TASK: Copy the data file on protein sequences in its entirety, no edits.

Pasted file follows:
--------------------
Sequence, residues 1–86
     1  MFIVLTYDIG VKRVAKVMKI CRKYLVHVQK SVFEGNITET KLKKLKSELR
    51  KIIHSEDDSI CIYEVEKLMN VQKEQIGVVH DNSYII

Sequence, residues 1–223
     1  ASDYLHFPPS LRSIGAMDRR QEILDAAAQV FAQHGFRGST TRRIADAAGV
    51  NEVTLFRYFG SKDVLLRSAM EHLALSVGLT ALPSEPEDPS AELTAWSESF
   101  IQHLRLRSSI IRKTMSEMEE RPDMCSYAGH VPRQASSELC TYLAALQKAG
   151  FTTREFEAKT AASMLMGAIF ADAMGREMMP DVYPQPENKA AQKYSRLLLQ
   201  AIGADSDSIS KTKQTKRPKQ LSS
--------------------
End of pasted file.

Sequence, residues 1–86
     1  MFIVLTYDIG VKRVAKVMKI CRKYLVHVQK SVFEGNITET KLKKLKSELR
    51  KIIHSEDDSI CIYEVEKLMN VQKEQIGVVH DNSYII

Sequence, residues 1–223
     1  ASDYLHFPPS LRSIGAMDRR QEILDAAAQV FAQHGFRGST TRRIADAAGV
    51  NEVTLFRYFG SKDVLLRSAM EHLALSVGLT ALPSEPEDPS AELTAWSESF
   101  IQHLRLRSSI IRKTMSEMEE RPDMCSYAGH VPRQASSELC TYLAALQKAG
   151  FTTREFEAKT AASMLMGAIF ADAMGREMMP DVYPQPENKA AQKYSRLLLQ
   201  AIGADSDSIS KTKQTKRPKQ LSS